The Chicago Bulls have had a very interesting season. With lofty expectations heading into this year after taking the Boston Celtics seven games in the first round of last year’s playoffs, the Bulls really struggled. Hampered by injuries and coaching decisions rivaling Dennis Rodman’s life decisions, Chicago looked destined for the golf courses in June. However, the Bulls just clinched the eighth and final playoff spot in the East with last night’s win over the Bobcats and things are finally looking up. The Bulls gave LeBron all he could handle during the regular season, and this is a team battle-tested in a seven-game series. The team is riding a wave of momentum, and nothing can go wro –
Wait, what? The GM and the head coach just got in a shoving match?
Like true grown men running a several 100 million dollar organization, Bulls executive vice president (and former general manager) John Paxson and head coach Vinny Del Negro decided to (allegedly) resolve their differences by physically fighting. Forget the days of front office meetings to settle problems. This issue at hand was huge, one that could no longer be ignored by any means. This problem, if not settled with shoves, would be the downfall of the entire organiza –
Wait, say that again? Paxson was just pissed about Joakim Noah’s playing time? Joakim Noah?!?
It’s almost laughable how routine these stories are becoming. It seems like every week we’re dealt another “report” regarding an altercation between a manager and a coach, a coach and a coach, a coach and a player and Jerry Jones against the world. I am the first one to concede that having that competitive fire is a necessity to succeed in sports at every level. Although this tenacity is most essential on the court or field, every fan deeply desires passionate and fiery personalities leading their team, a la Mark Cuban.
But the idea that these altercations can extend past the line of vocal displeasure is dumbfounding. Front office members and coaches are often ex-players – Paxson and Del Negro are both former point guards – and continue to have trouble accepting that their careers as athletes are over. Their actions are often justified by the fact that they “still haven’t lost that fire” and that “winning means everything, no matter the cost!”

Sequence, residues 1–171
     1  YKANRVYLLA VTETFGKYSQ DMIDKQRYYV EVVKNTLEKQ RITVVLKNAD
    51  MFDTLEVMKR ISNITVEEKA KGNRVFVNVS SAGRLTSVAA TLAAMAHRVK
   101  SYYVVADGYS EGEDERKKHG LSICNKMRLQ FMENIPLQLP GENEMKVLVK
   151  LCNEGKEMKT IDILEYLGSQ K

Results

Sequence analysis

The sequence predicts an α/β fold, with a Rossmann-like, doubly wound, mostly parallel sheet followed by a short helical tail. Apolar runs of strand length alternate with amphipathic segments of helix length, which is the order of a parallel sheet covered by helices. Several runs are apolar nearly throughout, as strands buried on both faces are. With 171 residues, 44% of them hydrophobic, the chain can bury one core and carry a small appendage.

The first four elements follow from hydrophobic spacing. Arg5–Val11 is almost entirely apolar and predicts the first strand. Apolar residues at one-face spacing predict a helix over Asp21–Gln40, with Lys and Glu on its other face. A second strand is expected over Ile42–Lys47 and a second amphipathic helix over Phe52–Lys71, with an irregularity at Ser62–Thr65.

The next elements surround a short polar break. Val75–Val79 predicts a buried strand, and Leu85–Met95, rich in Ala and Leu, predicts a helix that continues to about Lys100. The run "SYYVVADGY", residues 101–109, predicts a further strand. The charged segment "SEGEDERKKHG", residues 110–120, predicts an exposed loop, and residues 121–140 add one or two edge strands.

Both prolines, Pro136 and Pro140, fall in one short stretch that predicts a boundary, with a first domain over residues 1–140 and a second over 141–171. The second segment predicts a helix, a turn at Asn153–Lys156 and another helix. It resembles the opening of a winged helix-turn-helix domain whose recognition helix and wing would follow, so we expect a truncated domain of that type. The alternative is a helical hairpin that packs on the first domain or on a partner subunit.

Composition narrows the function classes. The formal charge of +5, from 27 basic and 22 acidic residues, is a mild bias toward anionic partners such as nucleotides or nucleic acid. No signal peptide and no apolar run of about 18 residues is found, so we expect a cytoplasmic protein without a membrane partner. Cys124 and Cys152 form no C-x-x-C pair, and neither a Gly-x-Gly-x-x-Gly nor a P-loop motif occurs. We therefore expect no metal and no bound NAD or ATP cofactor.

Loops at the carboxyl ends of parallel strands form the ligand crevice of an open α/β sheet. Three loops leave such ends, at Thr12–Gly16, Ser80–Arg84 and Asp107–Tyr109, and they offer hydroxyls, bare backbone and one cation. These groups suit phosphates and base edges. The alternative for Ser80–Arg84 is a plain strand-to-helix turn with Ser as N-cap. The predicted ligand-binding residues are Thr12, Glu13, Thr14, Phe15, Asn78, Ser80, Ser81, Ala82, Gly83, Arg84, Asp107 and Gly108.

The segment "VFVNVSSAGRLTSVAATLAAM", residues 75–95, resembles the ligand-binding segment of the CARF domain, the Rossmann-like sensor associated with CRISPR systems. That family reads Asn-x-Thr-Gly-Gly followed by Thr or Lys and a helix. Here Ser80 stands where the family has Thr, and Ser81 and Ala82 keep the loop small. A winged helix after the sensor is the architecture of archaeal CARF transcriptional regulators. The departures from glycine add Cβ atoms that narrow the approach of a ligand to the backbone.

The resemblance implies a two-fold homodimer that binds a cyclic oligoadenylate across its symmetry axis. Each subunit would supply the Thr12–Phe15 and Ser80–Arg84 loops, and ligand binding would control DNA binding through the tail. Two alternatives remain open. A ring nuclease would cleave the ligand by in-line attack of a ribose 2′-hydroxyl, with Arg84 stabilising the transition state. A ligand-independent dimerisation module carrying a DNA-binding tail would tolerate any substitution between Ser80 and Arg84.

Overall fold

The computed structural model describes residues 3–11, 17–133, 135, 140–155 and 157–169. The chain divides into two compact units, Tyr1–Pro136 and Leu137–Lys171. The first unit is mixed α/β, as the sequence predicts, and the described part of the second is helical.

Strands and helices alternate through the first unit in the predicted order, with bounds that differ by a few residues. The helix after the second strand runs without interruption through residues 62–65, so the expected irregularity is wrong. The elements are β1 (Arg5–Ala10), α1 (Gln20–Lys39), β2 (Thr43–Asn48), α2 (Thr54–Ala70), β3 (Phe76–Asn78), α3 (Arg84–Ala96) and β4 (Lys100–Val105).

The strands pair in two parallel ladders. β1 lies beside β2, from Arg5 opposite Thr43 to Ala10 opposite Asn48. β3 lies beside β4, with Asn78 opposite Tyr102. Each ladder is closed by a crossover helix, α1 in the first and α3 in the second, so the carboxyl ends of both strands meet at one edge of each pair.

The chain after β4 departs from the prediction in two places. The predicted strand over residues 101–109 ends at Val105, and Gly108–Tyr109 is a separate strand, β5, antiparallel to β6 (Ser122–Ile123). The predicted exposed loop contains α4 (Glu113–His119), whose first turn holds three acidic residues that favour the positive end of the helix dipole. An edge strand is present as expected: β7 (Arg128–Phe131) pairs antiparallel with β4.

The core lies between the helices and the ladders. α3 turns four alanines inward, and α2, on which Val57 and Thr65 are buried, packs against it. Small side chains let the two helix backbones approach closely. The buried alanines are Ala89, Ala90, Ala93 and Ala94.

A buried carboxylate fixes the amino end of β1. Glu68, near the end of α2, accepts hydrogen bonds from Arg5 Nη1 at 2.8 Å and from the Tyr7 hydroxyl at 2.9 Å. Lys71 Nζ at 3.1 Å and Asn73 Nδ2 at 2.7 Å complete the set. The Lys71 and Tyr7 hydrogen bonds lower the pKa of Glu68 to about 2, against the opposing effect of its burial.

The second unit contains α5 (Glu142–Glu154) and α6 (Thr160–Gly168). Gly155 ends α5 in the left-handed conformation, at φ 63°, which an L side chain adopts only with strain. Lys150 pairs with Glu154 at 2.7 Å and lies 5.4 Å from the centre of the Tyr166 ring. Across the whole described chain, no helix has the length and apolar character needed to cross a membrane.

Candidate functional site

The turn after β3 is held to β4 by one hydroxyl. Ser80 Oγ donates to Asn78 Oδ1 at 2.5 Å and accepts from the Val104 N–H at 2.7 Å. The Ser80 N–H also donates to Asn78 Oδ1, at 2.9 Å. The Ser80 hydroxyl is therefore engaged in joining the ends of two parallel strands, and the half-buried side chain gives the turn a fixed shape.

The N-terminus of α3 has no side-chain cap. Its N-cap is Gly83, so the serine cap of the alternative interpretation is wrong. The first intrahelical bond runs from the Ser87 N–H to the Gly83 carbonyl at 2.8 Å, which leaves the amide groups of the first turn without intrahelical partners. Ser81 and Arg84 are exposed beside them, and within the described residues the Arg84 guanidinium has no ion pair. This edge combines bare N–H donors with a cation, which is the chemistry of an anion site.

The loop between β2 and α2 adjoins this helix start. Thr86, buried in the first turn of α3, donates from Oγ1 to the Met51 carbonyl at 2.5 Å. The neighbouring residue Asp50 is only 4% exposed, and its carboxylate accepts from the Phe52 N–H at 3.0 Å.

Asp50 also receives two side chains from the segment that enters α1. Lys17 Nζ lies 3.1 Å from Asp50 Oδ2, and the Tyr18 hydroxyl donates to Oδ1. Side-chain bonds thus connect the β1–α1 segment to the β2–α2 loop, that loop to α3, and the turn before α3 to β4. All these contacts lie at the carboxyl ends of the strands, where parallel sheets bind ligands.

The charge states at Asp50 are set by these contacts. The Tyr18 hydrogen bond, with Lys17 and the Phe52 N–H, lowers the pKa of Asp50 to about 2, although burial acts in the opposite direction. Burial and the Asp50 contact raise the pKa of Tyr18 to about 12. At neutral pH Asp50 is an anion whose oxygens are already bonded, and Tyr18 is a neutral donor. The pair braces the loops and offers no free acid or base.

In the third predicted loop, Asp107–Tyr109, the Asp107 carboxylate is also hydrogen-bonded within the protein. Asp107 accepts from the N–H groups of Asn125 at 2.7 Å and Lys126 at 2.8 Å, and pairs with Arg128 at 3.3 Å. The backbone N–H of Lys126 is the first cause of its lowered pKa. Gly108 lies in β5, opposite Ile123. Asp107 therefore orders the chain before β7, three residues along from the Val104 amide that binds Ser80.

Paxson and Del Negro are a combined 92 years old. Time to grow up, boys.
The fact is that these guys are no longer players. They are overpaid business partners with a common goal – leading a team of professional basketball players to a NBA Championship. By no means am I discounting the work that they do. Although most of us think that we would be willing to give anything to switch shoes with them, their lives are incredibly stressful. But they have both been given the opportunity to remain around the game that they love in significant positions of power. This type of behavior should be absolutely intolerable.
Player behavior is now strictly monitored by leagues like the NBA and the NFL, so why shouldn’t the big dogs be held to the same standards? Celtics forward/center Rasheed Wallace has paid enough fines to cover over a decade of Stanford education, while Patriots wide receiver Randy Moss was heavily scolded for his admittance of occasional marijuana use. I’m not condoning these actions by any means and I agree with the professional leagues when they punish these players on the basis of setting a bad example for kids.
Coaches and managers are also punished, but far less frequently. Oakland Raiders coach Tom Cable – currently boasting a 9-19 career record – allegedly fractured the jaw of assistant coach Randy Hanson. No charges were filed, but witnesses saw the whole thing. Add in the fact that two ex-wives and an ex-girlfriend accused Cable of physical abuse, and it becomes increasingly more difficult to give the guy the benefit of the doubt.
So whom would you rather have your kid learn from: an athlete that smokes a little grass, or a coach that punches everything in sight? For me, it’s really not close.
I want Paxson, Del Negro and Cable to all be passionate about their jobs. Sports are so much more entertaining when it appears as if the coaches and management actually give a shit. Being “fiery” is one thing. Acting like a punch-throwing maniac is another.
Men, let’s all take a deep breath, and put the fists down. Do it for the kids.
Zach Zimmerman wants Rasheed Wallace to pay for his meal plan this summer. Learn about the Tater Tots for Technicals program at zachz “at” stanford.edu